Some Singaporeans are still stranded in Wuhan after 92 evacuated
The few still stranded there may have to be quarantined: Minister
While 92 Singaporeans stuck in Wuhan were flown back to Singapore yesterday, some still remain stranded at ground zero.
National Development Minister Lawrence Wong said there is a small number of Singaporeans who have shown symptoms of the Wuhan virus yet to be brought home.
Some of them were not able to board the plane back to Singapore, he added, and "it is probably not safe for them to come back on the same plane".
Mr Wong, co-chair of the multi-ministry committee overseeing the Wuhan virus crisis, added that some of them might have to stay quarantined in China. "Our embassy is in touch with them to ensure their welfare," he said.
In a statement yesterday, the Ministry of Foreign Affairs (MFA) said: "In a telephone call with PRC State Councillor and Foreign Minister Wang Yi, Foreign Minister Vivian Balakrishnan expressed the Singapore Government's appreciation to the PRC government, Hubei provincial government, Wuhan city government and the PRC Embassy in Singapore for facilitating the safe return of these Singaporeans."
MFA said the returning Singaporeans will undergo a medical screening upon arrival at Changi Airport. Those with fever or respiratory symptoms will be taken to designated hospitals for further examination.
The remaining passengers, including the MFA consular officers who facilitated the return, will be quarantined for 14 days.
The evacuation of the Singaporeans comes after Scoot arranged for a flight on Wednesday to fly back some Wuhan residents stuck in Singapore.
A Scoot spokesman said the flight departed Singapore at 10.20pm on Wednesday and landed at Wuhan Tianhe International Airport at about 3am yesterday. The return flight that carried the Singaporeans landed at about 11.40am yesterday.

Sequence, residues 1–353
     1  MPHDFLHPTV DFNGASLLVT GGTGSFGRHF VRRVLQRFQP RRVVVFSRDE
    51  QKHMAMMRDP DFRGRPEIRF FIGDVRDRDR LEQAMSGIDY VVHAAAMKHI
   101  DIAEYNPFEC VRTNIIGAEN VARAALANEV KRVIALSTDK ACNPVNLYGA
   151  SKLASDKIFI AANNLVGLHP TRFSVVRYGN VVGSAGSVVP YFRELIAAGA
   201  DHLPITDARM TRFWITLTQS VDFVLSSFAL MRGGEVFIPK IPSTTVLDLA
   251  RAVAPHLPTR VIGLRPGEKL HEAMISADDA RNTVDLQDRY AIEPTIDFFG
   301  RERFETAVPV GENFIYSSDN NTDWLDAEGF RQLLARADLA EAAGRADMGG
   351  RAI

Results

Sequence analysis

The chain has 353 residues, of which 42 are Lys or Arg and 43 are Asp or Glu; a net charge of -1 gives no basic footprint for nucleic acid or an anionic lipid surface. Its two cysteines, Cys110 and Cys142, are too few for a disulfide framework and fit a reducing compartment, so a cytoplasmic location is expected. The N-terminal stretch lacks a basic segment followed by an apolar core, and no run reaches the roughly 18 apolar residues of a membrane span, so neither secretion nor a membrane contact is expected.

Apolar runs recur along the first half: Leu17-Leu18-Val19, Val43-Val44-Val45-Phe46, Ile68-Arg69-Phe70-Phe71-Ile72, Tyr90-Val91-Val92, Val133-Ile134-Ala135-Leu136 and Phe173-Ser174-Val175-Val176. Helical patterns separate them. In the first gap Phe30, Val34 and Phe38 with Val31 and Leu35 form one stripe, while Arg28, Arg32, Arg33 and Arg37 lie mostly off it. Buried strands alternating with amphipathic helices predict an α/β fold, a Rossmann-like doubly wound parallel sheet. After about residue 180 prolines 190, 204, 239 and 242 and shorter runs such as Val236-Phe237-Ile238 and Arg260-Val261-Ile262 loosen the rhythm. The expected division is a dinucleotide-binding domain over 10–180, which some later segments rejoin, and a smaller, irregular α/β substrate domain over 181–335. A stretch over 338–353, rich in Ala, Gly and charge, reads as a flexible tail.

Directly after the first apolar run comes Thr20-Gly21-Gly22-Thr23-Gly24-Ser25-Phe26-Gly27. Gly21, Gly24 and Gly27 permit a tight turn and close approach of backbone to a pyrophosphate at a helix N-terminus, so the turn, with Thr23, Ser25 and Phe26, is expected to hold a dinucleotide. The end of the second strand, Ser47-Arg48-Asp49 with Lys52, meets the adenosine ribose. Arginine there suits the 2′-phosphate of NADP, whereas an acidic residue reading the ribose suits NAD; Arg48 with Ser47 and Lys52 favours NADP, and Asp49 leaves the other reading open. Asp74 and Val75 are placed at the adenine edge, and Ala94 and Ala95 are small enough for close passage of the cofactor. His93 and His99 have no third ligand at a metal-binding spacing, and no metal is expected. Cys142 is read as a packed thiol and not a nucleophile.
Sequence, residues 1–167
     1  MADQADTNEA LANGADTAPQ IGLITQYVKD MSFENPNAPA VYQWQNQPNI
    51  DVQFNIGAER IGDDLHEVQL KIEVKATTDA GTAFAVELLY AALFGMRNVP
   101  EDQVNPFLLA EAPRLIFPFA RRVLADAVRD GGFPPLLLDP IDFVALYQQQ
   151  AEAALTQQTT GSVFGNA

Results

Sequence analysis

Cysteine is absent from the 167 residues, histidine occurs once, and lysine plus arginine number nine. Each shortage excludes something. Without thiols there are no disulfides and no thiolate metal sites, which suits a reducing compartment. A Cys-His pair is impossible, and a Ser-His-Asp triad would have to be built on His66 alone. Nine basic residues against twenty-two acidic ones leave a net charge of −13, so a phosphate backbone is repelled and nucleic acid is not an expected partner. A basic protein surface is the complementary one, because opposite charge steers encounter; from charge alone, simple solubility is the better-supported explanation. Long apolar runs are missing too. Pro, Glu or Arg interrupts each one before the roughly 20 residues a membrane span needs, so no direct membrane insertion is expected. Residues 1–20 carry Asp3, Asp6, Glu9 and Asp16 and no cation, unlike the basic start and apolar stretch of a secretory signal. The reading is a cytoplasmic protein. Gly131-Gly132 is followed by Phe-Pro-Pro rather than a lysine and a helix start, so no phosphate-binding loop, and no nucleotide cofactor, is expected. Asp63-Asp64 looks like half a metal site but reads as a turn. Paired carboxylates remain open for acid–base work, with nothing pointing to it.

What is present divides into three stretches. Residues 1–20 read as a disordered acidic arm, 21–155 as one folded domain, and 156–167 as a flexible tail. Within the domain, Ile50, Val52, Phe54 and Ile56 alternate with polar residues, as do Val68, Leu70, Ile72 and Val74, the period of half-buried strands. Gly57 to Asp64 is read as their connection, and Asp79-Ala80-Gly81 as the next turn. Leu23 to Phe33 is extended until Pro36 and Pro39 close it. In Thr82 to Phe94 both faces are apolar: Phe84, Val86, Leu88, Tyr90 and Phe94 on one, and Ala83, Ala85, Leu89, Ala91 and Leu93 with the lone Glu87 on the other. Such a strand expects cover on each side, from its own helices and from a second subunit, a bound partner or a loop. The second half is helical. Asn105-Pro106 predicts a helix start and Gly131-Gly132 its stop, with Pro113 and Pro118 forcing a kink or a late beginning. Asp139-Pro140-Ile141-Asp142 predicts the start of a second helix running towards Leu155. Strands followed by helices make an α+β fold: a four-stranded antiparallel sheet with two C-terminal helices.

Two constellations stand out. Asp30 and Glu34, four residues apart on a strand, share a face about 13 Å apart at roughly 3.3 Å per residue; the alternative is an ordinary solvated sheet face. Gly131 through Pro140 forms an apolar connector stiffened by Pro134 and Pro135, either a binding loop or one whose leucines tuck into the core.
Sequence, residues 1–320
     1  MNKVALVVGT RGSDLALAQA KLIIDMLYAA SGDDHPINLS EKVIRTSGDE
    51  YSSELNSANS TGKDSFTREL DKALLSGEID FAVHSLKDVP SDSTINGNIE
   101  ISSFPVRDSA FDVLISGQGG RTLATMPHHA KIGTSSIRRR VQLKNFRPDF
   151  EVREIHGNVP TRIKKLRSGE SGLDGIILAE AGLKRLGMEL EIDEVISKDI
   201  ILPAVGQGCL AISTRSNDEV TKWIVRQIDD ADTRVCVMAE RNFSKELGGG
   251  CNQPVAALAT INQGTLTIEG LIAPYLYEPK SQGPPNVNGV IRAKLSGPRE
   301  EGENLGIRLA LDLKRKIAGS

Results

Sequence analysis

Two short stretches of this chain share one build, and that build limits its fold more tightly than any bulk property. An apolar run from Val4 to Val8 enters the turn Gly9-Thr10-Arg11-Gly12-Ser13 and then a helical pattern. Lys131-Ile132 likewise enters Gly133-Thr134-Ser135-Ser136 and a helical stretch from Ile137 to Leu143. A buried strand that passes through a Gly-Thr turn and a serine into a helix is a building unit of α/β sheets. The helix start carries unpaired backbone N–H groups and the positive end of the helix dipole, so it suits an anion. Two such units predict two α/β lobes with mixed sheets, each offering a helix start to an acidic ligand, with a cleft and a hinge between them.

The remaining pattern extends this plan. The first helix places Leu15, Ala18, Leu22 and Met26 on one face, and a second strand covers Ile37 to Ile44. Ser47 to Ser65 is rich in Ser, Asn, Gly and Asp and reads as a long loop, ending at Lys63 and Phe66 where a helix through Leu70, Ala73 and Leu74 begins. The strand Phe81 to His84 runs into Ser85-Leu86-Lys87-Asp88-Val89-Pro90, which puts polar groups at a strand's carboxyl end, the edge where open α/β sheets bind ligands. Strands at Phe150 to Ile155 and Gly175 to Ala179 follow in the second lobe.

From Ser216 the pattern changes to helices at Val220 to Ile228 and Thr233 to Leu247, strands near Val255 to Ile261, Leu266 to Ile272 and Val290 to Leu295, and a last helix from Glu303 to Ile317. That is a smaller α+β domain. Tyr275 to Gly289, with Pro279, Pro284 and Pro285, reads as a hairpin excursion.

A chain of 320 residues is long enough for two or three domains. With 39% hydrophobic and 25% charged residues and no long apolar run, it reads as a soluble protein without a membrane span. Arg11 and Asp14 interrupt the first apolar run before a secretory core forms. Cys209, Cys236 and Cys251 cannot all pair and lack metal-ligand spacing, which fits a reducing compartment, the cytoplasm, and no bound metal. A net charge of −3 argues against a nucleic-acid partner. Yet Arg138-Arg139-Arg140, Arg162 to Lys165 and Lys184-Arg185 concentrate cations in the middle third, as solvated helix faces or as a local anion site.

The spokesman said measures were taken to ensure the safety of the passengers and crew on the flight.
Temperature screening was conducted at check-in and before boarding. Surgical masks were provided to all passengers while all operating crew were required to wear N95 masks and surgical gloves.
The flight operated with limited in-flight service where there was no distribution of food and beverage, or the sale of duty-free products. Instead, food packs were pre-placed on the seats.The aircraft was also disinfected in Wuhan before boarding commenced, as well as upon arrival in Singapore.
Transport Minister Khaw Boon Wan said in a Facebook post yesterday that the trip to evacuate the Singaporeans came as a result of work by the MFA, Civil Aviation Authority of Singapore, Changi Airport Group, the Immigration and Checkpoints Authority, and Ministry of Health.
National Trades Union Congress secretary-general Ng Chee Meng praised the flight crew that volunteered to bring Singaporeans back from Wuhan.
"It warmed my heart to know that when Scoot management asked for volunteers to staff a flight to Wuhan Tianhe International Airport, there were more volunteers than was needed," he said in a Facebook post.